There is an immediate need to provide food assistance to the local communities who have recently lost their livelihood in a major forest fire reported in the Suleiman mountain range in Balochistan. The blaze damaged an estimated 840,050 Chilgoza trees.
These concerns are raised in a survey report shared at a meeting organised by the International Union for Conservation of Nature (IUCN)-Pakistan for its national committee members on Saturday.
Giving a detailed presentation on the fire incident, IUCN official Asim Jamal said the survey showed that approximately 840,050 trees covering over 1,542 hectares of privately owned Chilgoza forests were affected.
“The fire caused a huge monetary loss, amounting to Rs4 billion. The fire kept raging for 13 days and was finally controlled by local communities, local government departments, army, Frontier Constabulary and Levies,” he said.
IUCN report says 840,050 Chilgoza trees gutted in blaze
A forest fire of this scale had occurred after 20 years, he added while citing local communities.
The survey, he said, showed that food insecurity concerns amongst the forest-resource dependent communities were very serious and they needed immediate monthly food assistance.
“They have lost their bread and butter. It’s a huge shock for the people that may change their lives for good,” he said, adding that a Chilgoza tree generally started production at the age of 40 years.
Mr Jamal also suggested a detailed damage assessment survey of the affected area as well as a fire management centre there.
He also shared a presentation on the third-party monitoring of the Ten Billion Tree Tsunami programme conducted by a consortium of IUCN, Food and Agriculture Organisation and World Wide Fund for Nature-Pakistan highlighting the survival rate up to 90 per cent at 72pc of the sites.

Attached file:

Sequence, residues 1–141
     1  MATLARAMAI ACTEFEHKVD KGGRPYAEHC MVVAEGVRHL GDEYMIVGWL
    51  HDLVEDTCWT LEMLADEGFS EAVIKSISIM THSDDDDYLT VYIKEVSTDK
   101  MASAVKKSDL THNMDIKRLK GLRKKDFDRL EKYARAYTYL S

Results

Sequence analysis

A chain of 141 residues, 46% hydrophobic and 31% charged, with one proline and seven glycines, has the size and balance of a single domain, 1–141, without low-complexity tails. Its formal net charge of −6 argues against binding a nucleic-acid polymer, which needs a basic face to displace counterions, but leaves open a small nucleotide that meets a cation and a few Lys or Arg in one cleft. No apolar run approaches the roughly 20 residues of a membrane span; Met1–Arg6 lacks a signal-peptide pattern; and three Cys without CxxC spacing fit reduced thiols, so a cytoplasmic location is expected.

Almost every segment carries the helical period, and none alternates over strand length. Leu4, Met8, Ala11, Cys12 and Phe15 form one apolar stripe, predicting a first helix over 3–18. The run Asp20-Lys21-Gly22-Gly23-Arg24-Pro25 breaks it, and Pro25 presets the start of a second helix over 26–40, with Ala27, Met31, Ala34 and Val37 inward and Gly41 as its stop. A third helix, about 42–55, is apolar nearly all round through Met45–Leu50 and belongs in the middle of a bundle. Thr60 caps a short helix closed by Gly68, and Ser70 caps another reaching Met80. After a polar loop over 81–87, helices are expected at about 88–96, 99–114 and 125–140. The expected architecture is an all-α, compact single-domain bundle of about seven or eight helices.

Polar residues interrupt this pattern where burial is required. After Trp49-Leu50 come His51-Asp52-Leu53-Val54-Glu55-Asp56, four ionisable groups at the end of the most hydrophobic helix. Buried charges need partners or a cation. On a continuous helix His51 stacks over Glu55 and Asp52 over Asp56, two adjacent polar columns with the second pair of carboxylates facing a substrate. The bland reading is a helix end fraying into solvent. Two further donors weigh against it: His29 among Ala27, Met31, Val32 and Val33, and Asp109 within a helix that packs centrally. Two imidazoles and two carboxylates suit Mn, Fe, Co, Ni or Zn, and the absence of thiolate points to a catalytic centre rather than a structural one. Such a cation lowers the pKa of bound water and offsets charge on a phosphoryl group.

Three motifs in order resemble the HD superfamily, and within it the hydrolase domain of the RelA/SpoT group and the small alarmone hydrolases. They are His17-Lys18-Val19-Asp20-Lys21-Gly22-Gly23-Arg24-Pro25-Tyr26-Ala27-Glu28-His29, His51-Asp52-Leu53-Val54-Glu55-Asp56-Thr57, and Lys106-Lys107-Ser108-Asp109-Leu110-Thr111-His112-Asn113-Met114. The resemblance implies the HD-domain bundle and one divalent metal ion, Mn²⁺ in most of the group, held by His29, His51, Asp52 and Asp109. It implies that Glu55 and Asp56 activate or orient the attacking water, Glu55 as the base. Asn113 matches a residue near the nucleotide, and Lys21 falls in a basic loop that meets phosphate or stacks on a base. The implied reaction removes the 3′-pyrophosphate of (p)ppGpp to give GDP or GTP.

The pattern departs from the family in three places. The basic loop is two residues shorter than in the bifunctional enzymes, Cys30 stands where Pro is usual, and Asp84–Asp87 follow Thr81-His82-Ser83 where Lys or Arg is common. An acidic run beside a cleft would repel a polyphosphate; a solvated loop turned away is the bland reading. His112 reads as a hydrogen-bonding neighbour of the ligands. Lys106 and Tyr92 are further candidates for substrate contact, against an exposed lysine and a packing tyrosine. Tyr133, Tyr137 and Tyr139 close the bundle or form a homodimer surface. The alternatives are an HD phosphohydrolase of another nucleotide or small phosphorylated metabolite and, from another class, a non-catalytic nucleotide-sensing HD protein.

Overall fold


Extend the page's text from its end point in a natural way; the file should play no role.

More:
The assessment reports recommended further improvement in the assisted natural regeneration, increased women participation and increased focus on native species.
During the discussion, representatives of IUCN member organisations including Baanhn Beli, Shehri, Strengthening Participatory Organisation, Thardeep, HANDS, Human Resource Development Network, Indus Earth Trust, AWAZ Foundation, WWF-Pakistan, shared their concern over the fires that have recently been reported from different parts of the country and demanded that local departments should be fully equipped to promptly deal with such incidents.
They were of the opinion that the increase in forest fires might be linked with climate change.
Earlier in his remarks, Dr Roomi Saeed Hayat, chairperson of the IUCN committee, appreciated organisational efforts towards the conservation of nature and natural resources.
IUCN country representative Mahmood Akhtar Cheema and Fauzia Malik, programme coordinator IUCN Pakistan, also spoke.